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The Diary of Anatoly Chernyaev 1989
Archive Publishes Fourth Installment of Former Top Soviet Adviser's Journal

National Security Archive Electronic Briefing Book No. 275

For more information contact:
Svetlana Savranskaya
202/994-7000

Posted - May 26, 2009

 

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Washington, DC, May 26, 2009 - Today the National Security Archive publishes its fourth installment of the diary of Anatoly Chernyaev, the man who was behind some of the most momentous transformations in Soviet foreign policy at the end of the 1980s in his role as Mikhail Gorbachev's main foreign policy aide.  In addition to his contributions to perestroika and new thinking, Anatoly Sergeevich was and remains a paragon of openness and transparency, providing his diaries and notes to historians who are trying to understand the end of the Cold War.  This section of the diary, covering 1989—the year of miracles—is published here in English for the first time.

 

After the “turning point year,” 1988, the Soviet reformers around Gorbachev expected fast progress on all fronts—domestically in implementation of the results of the XIX party conference and further democratization of the Soviet system, and internationally following the groundbreaking UN speech of December 1988, especially in the sphere of nuclear arms control and in integrating the Soviet Union into Europe.  However, those hopes were not realized, and the year brought quite unexpected challenges and outcomes.  By the end of the year, no new arms control agreements would be signed, but the Berlin Wall would fall, nationalist movements would start threatening the unity of the Soviet Union, and popular revolutions would sweep Eastern Europe while the Soviets stuck to their pledge not to use force.  By the end of 1989, Europe was transformed and the Cold War had ended.  Anatoly Chernyaev documented all those changes meticulously and reflected on their meaning in real time.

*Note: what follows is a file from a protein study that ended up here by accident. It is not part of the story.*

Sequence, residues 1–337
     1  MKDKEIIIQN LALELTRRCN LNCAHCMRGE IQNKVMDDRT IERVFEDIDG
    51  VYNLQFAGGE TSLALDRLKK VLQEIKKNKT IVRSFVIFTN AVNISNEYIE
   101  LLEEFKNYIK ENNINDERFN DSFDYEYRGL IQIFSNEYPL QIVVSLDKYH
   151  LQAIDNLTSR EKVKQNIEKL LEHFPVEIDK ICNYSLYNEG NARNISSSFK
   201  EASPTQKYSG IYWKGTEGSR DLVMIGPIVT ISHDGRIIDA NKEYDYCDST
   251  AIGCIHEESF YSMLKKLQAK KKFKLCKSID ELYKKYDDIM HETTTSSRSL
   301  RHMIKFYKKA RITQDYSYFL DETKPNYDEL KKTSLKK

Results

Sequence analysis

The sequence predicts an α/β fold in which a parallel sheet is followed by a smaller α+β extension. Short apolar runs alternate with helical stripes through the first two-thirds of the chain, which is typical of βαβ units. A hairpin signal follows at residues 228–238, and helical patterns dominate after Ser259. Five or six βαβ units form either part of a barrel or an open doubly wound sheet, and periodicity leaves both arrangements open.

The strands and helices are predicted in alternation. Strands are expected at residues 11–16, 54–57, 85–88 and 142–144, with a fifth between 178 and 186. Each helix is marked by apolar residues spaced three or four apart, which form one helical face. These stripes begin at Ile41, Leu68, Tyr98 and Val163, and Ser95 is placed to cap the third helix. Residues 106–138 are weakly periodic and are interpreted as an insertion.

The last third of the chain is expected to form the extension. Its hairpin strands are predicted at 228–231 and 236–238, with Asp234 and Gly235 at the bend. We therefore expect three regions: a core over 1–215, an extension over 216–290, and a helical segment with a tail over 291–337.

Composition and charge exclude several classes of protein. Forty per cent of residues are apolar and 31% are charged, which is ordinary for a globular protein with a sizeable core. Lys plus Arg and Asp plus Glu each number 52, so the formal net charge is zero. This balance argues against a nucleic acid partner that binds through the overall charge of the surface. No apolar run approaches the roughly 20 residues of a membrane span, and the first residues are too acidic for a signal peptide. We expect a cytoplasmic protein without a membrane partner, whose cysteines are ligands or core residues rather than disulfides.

For Chernyaev, the year began with an argument over the final withdrawal of Soviet forces from Afghanistan.  Soviet Foreign Minister Eduard Shevardnadze tried to delay the full withdrawal of troops and to send an additional brigade to help the Afghan leader Najibullah repel attacks of Pakistani-supported mujahaddin and stabilize his government.  Chernyaev and Alexander Yakovlev actively opposed that course of action on the grounds that it would cost hundreds of lives of Soviet soldiers and undermine Soviet trustworthiness in the eyes of international partners.  The troops were withdrawn on schedule by February 15, 1989.

 

Domestically, the most important event was the first contested election to the Congress of People’s Deputies on March 26, 1989.  Chernyaev himself was elected as a Deputy, but expressed unease about being among the 100 candidates on the “guaranteed” party list.  His reflections on the electoral campaign and the results of the elections show his sincere belief that the Soviet system could be transformed by deepening the democratization and his concerns over the limitations and resistance by the conservative elements within the party.  The electoral campaign takes place at the time when the economic situation deteriorates quite significantly, leading to unprecedented discontent of the population and ultimately miners' strikes in the summer.